|Quantum Number||Quantum Name||Values|
|n||shell||1, 2, 3, 4, ... (infinity)|
|l||subshell||0, 1, 2, ... (n - 1)|
|ml||orbital||-l ... 0 ... +l|
|ms||electron spin||+1/2 or -1/2|
Each electron in an atom can have its own unique "address" or set of four quantum numbers.
Example: Consider a Beryllium atom with four electrons. Beryllium is in the second period, so possible n values are 1 and 2. Electrons are filled using the lowest value of n (or n + l), so the electrons will be placed into the n=1 shell before they enter the n=2 shell.
When n = 1, the only allowed value of l is 0; likewise, the only allowed value of ml = 0. We will place the first two electrons in a 1s orbital. Each electron can have either a "spin up" (ms = +1/2) or "spin down" (ms = -1/2) configuration.
When n = 2, allowed values of l are 0 and 1. Lowest (n + l) values are filled first; hence, a (n + l) value of (2 +0) = 2 will be filled before a (n + l) value of (2 + 1) = 3. When l = 0, the only allowed value of ml = 0. We will place the next two electrons in a 2s orbital. Each electron can have either a "spin up" (ms = +1/2) or "spin down" (ms = -1/2) configuration.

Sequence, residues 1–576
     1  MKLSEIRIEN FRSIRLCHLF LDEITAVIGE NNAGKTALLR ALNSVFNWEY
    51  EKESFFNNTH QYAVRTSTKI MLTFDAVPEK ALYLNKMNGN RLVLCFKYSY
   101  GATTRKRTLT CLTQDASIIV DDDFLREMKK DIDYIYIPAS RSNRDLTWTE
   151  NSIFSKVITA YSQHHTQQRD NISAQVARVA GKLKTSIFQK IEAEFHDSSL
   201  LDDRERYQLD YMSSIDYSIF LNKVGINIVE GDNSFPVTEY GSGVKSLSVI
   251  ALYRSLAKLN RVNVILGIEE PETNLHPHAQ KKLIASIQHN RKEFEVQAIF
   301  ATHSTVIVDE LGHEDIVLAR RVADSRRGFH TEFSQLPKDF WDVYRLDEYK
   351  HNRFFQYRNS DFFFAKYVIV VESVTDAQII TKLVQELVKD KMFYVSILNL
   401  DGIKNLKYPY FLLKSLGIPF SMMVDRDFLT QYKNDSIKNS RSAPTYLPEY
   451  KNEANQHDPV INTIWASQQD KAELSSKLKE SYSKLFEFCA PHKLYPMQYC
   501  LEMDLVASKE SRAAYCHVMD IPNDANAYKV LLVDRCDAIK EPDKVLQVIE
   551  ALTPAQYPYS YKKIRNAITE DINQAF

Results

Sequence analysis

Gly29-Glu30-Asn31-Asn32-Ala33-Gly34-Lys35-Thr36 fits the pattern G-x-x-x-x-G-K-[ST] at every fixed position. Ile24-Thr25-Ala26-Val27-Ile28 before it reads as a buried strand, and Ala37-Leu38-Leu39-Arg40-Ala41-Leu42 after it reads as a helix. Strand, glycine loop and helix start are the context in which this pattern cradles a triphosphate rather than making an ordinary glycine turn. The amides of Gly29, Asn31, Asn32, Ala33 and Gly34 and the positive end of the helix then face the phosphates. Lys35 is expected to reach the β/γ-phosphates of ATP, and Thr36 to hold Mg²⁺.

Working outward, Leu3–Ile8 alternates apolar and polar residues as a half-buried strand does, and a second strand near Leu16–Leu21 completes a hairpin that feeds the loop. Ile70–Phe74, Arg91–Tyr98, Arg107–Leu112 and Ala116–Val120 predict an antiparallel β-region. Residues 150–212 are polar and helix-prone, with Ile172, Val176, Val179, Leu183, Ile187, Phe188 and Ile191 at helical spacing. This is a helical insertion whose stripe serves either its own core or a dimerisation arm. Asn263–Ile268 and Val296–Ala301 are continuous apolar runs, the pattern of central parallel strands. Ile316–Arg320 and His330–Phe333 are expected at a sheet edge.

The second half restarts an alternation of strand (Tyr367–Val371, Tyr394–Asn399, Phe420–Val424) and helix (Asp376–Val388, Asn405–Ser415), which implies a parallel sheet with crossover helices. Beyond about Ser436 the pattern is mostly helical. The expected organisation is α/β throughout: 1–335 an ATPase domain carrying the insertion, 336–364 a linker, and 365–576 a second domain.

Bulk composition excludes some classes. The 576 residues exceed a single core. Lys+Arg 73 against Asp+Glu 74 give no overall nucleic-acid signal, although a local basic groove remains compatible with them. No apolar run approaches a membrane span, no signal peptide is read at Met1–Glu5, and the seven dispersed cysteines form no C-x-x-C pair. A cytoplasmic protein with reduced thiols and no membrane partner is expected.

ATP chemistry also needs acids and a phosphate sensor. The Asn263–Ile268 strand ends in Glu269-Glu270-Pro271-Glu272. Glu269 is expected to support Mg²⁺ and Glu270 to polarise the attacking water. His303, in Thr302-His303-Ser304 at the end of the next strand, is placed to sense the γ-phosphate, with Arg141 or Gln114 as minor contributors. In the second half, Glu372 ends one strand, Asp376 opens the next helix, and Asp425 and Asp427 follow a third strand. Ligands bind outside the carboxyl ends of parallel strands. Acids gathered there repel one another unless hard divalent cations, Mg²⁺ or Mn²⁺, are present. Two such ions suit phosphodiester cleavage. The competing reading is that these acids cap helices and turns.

The nlx notation is used to describe the subshell and/or orbital in which the electrons are assigned in an atom or ion. The electron filling order is found by using the n + l rule or an Aufbau diagram. To avoid number duplicity, l values are assigned a letter value as follows:
|Value of l||Letter||Notes|
Example: Considering Beryllium again, we would place the first two electrons in the 1s subshell (n + l = 1 + 0 = 1), and the second two electrons in the 2s subshell (n + l = 2 + 0 = 2, so 2s is filled after 1s due to a lower (n + l) value.) The complete electron configuration for neutral Beryllium with its four electrons in the ground state would be:
Example: Considering Aluminum with its 13 electrons in the neutral ground state, we would place the electrons in successively higher subshells using the (n + l) values (or by consulting an Aufbau diagram.) The complete electron configuration for neutral Aluminum with its 13 electrons in the ground state would be: